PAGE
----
The Court and The Cross
Today, the United States Supreme Court ruled that the Bladenburg “Peace Cross” does not violate the Constitution. Seven Justices agreed with that result and only two – Ginsburg and Sotomayor – disagreed. That is encouraging.
Seven of the justices wrote to share their thoughts; only Chief Justice Roberts and Justice Sotomayor declined to write.
In my view, the best opinion was that of Justice Thomas, followed closely by Justice Gorsuch.
Thomas – true to the text of the Constitution – makes two main points: (1) that the Establishment Clause was never incorporated against the states and that to do so would destroy the meaning of the Establishment Clause, and (2) that the horrible Lemon test should be expressly overruled.
Gorsuch points out that – not only does the cross not violate the Constitution – but there should not even be a lawsuit because the so-called “plaintiffs” do not have standing to sue. They were merely “offended observers.” If all “offended observers” who are not legally injured were allowed to sue, then every political disagreement would enable the losing side to claim “offense” and file a lawsuit.
Alito’s majority/plurality opinion was, I suspect, not as strong as Alito would write if he were not gathering a seven-justice consensus on the result – which was not an easy feat (his opinion won the votes of the normally liberal justices: Breyer and Kagan). Under the circumstances, Alito does well in navigating the case, making good points while attempting to minimize concessions.
I would have preferred that Alito write a stronger “plurality” opinion without the votes of Breyer and Kagan. Thomas and Gorsuch concurred in the judgment so he would have still had five votes to keep the cross – but there is still much good in Alito’s consensus opinion.
Justice Kavanaugh’s opinion is mixed; it is excellent when he states that the Lemon test is “not good law and does not apply to Establishment Clauses cases,” but disappointing when he departs from the judicial role and explains how the political branches may remove the cross or transfer ownership through executive or legislative action.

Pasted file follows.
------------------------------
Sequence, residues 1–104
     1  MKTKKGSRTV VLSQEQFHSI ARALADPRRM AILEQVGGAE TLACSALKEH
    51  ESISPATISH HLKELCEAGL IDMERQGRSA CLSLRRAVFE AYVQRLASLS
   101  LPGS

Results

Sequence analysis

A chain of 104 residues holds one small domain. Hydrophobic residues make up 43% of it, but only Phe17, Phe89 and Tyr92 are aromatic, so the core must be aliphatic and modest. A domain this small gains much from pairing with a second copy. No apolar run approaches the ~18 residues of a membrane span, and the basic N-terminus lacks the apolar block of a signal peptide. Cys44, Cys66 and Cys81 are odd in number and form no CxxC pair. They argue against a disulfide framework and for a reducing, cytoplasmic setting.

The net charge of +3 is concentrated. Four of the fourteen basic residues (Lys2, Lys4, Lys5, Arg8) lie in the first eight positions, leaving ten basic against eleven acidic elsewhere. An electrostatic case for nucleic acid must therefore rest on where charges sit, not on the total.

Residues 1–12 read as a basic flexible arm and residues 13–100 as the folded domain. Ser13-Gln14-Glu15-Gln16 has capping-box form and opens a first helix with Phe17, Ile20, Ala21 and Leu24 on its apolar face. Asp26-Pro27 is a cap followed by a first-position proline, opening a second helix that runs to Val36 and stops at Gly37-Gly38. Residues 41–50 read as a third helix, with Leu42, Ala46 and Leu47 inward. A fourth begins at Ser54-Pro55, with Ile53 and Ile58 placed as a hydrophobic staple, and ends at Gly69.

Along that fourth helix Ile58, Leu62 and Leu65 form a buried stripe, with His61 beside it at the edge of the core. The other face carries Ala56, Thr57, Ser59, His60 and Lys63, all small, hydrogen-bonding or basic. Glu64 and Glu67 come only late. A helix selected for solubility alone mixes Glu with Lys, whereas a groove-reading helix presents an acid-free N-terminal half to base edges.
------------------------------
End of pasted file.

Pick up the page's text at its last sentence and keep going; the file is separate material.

Roberts did not write but concurred in Alito’s entire writing.
Justice Kagan concurs in most of Alito’s opinion but not in the portions that were strongly critical of Lemon. She writes separately to state that she wants to keep the Lemon test for other cases.
Justice Breyer concurs in all parts of Alito’s opinion but wrote separately. He seems to want to limit the damage to the left by indicating that – while this cross was constitutional – newer or other cross memorials might not be permissible.
Justice Ginsburg writes a dissent focused heavily on the fact that the cross is the foremost symbol of Christianity proclaiming that Jesus “the son of God died on the cross, that he rose from the dead, and that his death and resurrection offer the possibility of eternal life.” She believes that fact makes the cross constitutionally impermissible. Sotomayor joins Ginsburg’s opinion – but thankfully Kagan, Breyer, Kavanaugh, Roberts, Alito, Gorsuch and Thomas do not. That is good news indeed.
Overall, I see this case as a massive step toward the manifest restoration of our National Relationship with God. There is yet progress to be made and the future addition of another constitutionalist judge in the mold of Thomas or Gorsuch will make a massive, massive impact.